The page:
A plaintiff seeking specific performance of a contract must have contracted in GOOD FAITH. If the plaintiff has acted fraudulently or has taken unfair advantage of superior bargaining power in drafting extremely harsh contract terms with respect to the defendant, the plaintiff has thereby contravened the doctrine of clean hands. Under that doctrine, the court will deny relief to a party who has acted unjustly in regard to a transaction for which that party is seeking the assistance of the court.
A classic example of the clean hands doctrine involved Charles Flowers, an outstanding college football player who was drafted by the New York Giants and Los Angeles Chargers. In November 1959, he signed to play football with the Giants. According to the college rules, however, any player who signed a contract to play for a professional team was ineligible for further intercollegiate games. Because Flowers wanted to play in the Sugar Bowl on January 1, 1960, he and the Giants agreed to keep his signing of the contract confidential, deceiving his college, the opposing team, and the football public in general. One of the terms of the contract provided that it was binding only when approved by the commissioner of football. Part of the plan was that the contract would not be submitted for approval until after January 1. Flowers subsequently attempted to withdraw from the contract, but the Giants promptly filed it with the commissioner, who approved it on December 15. Public announcement was withheld until after January 1.
On December 29, Flowers negotiated a better contract with the Chargers and signed it after the Sugar Bowl game. He notified the Giants on December 29 that he was withdrawing from his contract with them and returned his uncashed bonus checks. The Giants sought specific performance of their contract with Flowers. The court denied relief because the Giants did not come into equity with clean hands (New York Football Giants, Inc. v. Los Angeles Chargers Football Club, Inc., 291 F.2d 471 [5th Cir. 1961]).
Equitable relief will be denied to anyone who has acted unjustly or with bad faith in the matter in which she seeks relief, irrespective of any impropriety in the behavior of the defendant. The misconduct does not necessarily have to be of such nature as to be punishable as a crime or to justify any legal proceedings. Any intentional act concerning the CAUSE OF ACTION that violates the standards of fairness and justice is sufficient to prohibit the granting of equitable relief. The Giants club accepted from Flowers what it claimed to be a binding contract, but it agreed that it would represent to the public that there was no contract in order to deceive others who had a material interest in the matter. If there had been a straightforward execution of the contract, followed by its filing with the commissioner, none of these legal problems would have existed. The Giants created the situation by their devious conduct and, therefore, had no right to obtain relief from a court of equity. The court refused to specifically enforce the contract.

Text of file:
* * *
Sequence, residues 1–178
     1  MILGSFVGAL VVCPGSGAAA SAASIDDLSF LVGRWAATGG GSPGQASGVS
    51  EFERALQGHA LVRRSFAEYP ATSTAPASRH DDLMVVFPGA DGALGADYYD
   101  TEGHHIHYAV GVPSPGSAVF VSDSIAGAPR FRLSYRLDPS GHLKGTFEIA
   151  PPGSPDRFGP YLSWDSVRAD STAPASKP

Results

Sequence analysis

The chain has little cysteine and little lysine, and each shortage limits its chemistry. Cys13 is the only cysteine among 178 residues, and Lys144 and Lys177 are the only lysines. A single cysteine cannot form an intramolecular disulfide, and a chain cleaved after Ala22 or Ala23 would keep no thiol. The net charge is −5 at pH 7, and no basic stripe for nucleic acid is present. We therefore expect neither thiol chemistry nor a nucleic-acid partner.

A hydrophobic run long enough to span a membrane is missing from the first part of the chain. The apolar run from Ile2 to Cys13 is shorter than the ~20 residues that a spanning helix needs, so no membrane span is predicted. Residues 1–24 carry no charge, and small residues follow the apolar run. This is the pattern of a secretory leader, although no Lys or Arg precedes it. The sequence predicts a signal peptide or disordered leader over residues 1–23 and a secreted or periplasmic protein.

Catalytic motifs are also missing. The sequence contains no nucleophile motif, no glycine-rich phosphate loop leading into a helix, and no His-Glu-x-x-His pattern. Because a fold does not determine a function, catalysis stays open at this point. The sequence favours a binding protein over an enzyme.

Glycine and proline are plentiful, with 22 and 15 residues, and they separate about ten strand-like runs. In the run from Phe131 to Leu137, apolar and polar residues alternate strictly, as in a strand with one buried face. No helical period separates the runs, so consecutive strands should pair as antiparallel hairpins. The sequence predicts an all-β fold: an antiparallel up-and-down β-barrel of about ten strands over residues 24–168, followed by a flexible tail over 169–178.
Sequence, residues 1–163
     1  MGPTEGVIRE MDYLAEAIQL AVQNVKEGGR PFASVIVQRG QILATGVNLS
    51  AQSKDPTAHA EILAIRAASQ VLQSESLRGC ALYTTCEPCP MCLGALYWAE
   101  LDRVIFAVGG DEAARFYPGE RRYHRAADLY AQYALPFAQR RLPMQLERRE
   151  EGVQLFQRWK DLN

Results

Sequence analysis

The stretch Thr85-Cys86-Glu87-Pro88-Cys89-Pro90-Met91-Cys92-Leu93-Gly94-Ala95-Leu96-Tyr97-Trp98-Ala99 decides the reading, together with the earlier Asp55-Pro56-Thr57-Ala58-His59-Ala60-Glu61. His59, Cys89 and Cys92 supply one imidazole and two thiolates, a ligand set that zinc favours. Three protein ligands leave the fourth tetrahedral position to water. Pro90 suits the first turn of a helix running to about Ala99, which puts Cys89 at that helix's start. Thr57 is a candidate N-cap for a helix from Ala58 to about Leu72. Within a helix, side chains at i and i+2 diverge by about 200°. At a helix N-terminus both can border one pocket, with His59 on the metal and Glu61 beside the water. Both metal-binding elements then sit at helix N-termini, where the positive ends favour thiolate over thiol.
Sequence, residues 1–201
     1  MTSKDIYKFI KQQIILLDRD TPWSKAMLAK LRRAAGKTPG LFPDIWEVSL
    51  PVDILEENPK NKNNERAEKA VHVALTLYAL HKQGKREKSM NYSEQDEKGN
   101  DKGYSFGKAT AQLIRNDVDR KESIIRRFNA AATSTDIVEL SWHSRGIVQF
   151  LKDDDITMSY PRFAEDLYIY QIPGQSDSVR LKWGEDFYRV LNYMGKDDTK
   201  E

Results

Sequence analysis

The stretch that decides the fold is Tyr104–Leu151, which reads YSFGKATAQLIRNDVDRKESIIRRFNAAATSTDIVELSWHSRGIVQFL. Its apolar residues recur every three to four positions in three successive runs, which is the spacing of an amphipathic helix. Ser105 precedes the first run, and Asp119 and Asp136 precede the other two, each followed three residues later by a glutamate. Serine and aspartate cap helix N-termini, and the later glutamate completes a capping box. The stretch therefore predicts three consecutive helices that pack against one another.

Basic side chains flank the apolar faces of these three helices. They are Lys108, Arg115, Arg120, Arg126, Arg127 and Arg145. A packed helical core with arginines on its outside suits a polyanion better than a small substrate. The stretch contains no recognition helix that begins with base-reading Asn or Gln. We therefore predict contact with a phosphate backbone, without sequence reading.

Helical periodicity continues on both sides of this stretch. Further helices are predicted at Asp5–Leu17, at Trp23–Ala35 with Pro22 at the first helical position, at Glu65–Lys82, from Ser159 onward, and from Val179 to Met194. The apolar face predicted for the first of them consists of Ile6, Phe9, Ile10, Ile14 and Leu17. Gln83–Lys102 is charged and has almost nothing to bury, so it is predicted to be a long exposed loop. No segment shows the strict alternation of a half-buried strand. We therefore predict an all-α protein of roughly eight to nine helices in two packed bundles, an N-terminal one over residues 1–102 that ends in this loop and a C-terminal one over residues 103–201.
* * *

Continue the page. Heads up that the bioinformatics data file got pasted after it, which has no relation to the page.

At all times, a plaintiff must be willing to "do equity," which means that the plaintiff must fulfill whatever equitable obligations the court imposes upon her in order to do what is just and fair to the defendant. A person will be granted specific performance only if that person has done, has offered to do, or is ready and willing to do all acts that were required of her to execute the contract according to its terms.
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